Reviewer Lois C. Henderson: Lois is a freelance academic editor and back-of-book indexer, who spends most of her free time compiling word search puzzles for tourism and educative purposes. Her puzzles are available HERE and HERE Her Twitter account (@LoisCHenderson) mainly focusses on the toponymy of British place names. Please feel welcome to contact her with any feedback at LoisCourtenayHenderson@gmail.com.
Author: Angela Smith
Publisher: Rowman & Littlefield
Basing this book on interviews conducted with over 50 top women drummers, Angela Smith recounts how, in addition, another 160 women gained both national and international prowess through their mastery of the art of drumming. Their astounding success in what was once a male-dominated profession is truly inspiring, with much being attributed to their determination to prove that women can be just as good, if not, at times, better than men at pursuing those interests to which they are passionately committed. Opening her introduction with an anecdote regarding the ninety-nine-year-old Viola Smith walking into a music store in Orange County, California, and being astonished to be met with frank adulation from the floored store owner, Smith continues to stress the importance of the role played by professional women drummers for thousands of years. The opposition that they have encountered is shown, over the eons, as having made them more determined than ever to prove their mettle as worthwhile musicians who have outstanding talents to share with fellow musicians, and with their avid followers, as well as with the rest of the world. And who better to tell the story of so many musically gifted women than one who is a working musician and music journalist herself, who has already written the acclaimed Steel Drums and Steelbands: A History?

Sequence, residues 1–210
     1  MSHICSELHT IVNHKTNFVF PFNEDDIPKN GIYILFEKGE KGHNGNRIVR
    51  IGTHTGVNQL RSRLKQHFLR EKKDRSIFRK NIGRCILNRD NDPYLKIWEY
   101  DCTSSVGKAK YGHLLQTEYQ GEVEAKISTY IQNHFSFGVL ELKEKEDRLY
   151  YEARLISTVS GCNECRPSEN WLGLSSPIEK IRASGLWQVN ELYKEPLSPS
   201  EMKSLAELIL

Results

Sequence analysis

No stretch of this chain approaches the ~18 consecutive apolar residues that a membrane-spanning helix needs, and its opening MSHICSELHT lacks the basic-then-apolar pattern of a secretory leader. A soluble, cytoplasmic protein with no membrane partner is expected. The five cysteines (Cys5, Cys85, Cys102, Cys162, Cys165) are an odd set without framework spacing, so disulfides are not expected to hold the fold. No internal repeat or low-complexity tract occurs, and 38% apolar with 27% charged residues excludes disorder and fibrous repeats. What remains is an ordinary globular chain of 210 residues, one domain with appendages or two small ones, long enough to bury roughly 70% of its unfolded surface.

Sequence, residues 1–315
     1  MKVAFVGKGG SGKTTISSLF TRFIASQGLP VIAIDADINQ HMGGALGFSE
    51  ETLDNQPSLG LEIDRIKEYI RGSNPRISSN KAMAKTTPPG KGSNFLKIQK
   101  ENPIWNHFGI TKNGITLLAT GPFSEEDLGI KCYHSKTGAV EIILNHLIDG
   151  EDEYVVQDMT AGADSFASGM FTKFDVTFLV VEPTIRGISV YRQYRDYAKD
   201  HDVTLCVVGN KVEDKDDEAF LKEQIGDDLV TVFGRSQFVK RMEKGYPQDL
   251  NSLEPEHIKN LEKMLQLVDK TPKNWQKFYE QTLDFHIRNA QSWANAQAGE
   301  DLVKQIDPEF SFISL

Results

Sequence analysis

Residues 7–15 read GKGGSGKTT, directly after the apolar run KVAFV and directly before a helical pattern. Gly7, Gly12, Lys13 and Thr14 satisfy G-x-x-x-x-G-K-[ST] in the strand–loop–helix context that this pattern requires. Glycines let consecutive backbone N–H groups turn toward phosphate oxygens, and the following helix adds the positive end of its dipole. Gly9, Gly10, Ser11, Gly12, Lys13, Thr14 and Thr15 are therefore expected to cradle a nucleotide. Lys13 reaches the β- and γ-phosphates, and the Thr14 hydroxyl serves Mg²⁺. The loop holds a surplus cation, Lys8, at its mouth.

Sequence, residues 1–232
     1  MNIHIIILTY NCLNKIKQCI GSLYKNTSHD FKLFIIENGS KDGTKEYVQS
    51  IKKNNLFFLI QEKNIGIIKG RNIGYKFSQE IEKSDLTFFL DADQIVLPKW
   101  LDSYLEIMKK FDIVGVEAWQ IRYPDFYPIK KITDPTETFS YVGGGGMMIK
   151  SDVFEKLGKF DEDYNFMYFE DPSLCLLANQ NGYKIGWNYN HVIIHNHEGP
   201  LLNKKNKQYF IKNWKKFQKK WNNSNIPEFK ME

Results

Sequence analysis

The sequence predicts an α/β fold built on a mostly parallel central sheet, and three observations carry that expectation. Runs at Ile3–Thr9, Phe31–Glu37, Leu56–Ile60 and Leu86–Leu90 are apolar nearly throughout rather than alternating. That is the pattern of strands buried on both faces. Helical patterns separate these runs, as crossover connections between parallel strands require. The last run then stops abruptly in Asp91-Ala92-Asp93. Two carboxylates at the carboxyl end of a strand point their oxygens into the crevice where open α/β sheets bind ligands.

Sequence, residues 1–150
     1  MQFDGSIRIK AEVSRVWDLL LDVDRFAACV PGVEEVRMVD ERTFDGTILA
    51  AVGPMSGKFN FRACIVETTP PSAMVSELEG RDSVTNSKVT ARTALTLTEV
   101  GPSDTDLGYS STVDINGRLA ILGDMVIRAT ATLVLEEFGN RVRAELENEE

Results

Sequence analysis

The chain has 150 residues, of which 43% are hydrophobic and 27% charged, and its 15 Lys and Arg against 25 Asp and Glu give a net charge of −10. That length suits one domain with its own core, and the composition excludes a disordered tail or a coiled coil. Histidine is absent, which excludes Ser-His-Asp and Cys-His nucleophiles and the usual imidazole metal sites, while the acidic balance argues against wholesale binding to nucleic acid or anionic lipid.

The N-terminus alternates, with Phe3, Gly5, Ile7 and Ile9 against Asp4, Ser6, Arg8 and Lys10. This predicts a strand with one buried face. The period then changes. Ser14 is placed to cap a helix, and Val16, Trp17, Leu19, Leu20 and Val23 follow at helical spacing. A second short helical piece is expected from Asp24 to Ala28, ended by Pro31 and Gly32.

Angela Smith’s focus in this overview of women drummers is on women who have, over the last six decades, made it to the top in terms of popular and contemporary jazz, country, blues, and rock. By focusing on the individual drummers involved, she has been able to bring to the forefront their most outstanding achievements, as well as the limitations that they faced on their careers emanating from a social climate that has all too often been antagonistic to them reaching their full potential. The multiple black-and-white photos of the drummers, many of whom are portrayed “on the job” also help to personalize this interesting, and occasionally provocative, glimpse into the world of the percussion instrument from a woman who is all too conscious of the legacy of discrimination that has permeated the world of music for far too long.
The chronological structure of Women Drummers aids in making the work a coherent whole, in addition to the chapters being well signposted and containing numerous helpful headings. The index is quite lengthy (20 pages) and detailed for a book of this nature, and there is also a helpful appendix, consisting of a listing of selected discography, video links, and online resources, as well as an 11-page bibliography. In short, Angela Smith seems to have done her research well, and produced a lively and informative text on a subject that, in the past, has tended not to receive the attention that it should. Although the fluency of the book has lost out somewhat to the amount of information contained therein, it is a worthwhile text that deserves its place on any music-lover’s shelf, but especially on that of keen feminists, who only too ardently wish to promote their cause.